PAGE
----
The Flood of 2004

View of flood waters at old PRR Milepost 52, approximately 3/4 mile south of downtown Byesville, Saturday 9/11/2004


In September of 2004, the route of the Byesville Scenic Railway suffered extensive damage due to massive flooding.  About eight inches of rain fell in a 48 hour period as the remnants of Hurricane Frances moved north through Ohio.


The rain started falling Wednesday Sept. 8th and continued heavily and steadily through Thursday Sept. 9th.  As the floodwaters crested on Friday Sept. 10th, Wills creek overflowed its banks.  Soon the water was completely covering the rail line from the south end of Byesville all the way south to Derwent, except for a short stretch near the Seneca Lane crossing.


The railroad right-of-way south of Byesville was built approximately 5-10 feet above the surrounding countryside.  Because of the elevation, the roadbed was acting as an earthen dam as the flood waters rose and fell.  The flood waters were exerting great pressures on the right-of-way, and the force of the water was proving to be too great.  All along the line, the water began bursting through the roadbed and many yards of ballast and under-bedding were being washed completely away from under the rails and ties.


 Northbound view of washouts and flood waters at Milepost 52. The flood waters stopped at "Byesville Curve", visible in the background


As the flood waters receded, it was evident that the railroad had suffered extensive damage to its right-of-way.  Over 140 washouts were discovered  between Byesville and Derwent.  Some of the washouts were as much 15-20 feet long and 4-5 feet deep below the rail. Many ties were swept away with the flood water never to be seen again.  Because our railroad parallels and crosses Wills Creek several times south of Byesville, the track was washed out from east to west in some areas, and from west to east in others.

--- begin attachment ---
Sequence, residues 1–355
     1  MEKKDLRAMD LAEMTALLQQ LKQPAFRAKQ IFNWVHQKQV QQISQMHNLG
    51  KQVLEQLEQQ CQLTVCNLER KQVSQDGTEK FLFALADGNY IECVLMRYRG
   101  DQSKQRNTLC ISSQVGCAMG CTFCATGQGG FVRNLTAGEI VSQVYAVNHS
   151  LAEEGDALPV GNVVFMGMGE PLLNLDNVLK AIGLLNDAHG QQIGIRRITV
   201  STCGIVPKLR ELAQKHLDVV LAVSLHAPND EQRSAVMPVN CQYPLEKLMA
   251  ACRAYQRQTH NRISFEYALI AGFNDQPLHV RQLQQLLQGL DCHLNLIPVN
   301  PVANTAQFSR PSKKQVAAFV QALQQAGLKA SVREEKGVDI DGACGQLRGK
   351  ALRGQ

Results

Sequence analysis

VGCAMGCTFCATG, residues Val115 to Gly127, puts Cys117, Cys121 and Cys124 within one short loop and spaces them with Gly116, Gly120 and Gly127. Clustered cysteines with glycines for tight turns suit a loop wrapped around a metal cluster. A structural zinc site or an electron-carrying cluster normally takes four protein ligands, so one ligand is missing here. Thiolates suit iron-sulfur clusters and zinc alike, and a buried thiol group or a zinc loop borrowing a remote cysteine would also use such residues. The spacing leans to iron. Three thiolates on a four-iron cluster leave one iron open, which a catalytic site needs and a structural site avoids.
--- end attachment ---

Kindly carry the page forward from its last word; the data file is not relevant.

The worst damage was just north of No. 4 bridge, north of Derwent. Here, the flood waters completely washed the roadbed out from under the track for a distance of over 400 feet and up to a depth of 4 feet.  The tracks were suspended in the air, and shifted out of alignment by 10 feet.  Fortunately none the continuously-welded rail broke despite the great force of the water.


It was estimated that 700 cubic yards (or 1,000 tons) of fill & ballast would be needed to repair the line.  At the time, there was much uncertainty as to exactly when and how the rail line between Byesville and Derwent would be repaired.  The railroad had just been repaired in 2002 from another recent flood- The "Flood of the Century" in June of 1998, and would have to be repaired again.


Fortunately, local leaders stepped up and secured monies for rebuilding the line.  Rebuilding of the line began in February of 2005, and was complete the following May, just in time for the 2005 excursion season.  For photos of the rebuilding efforts click here.


Southbound view of washouts and flood waters at Milepost 52. Flood waters are still flowing under the right of way.

View of flood waters at No. 5 Bridge.

View of washouts south of No. 5 Bridge. The track was completely under water in this area.

View of flood waters south of No. 5 Bridge.

One of the many washouts resulting from the flood.

Another view of washouts and flood waters, south of No. 5 Bridge.

Northbound view of "the big washout" locate
d between Seneca Lane and Derwent Sunday 9/12/04.

"The big washout" was over 400 feet long and more than four feet deep in places. The tracks were suspended in the air, and shifted out of alignment to the west by 10 feet.

Southbound view of the big washout, No. 4 bridge is in the distance.

View of the tracks suspended in the air at the big washout.

To see photos of the rebuilding our line click here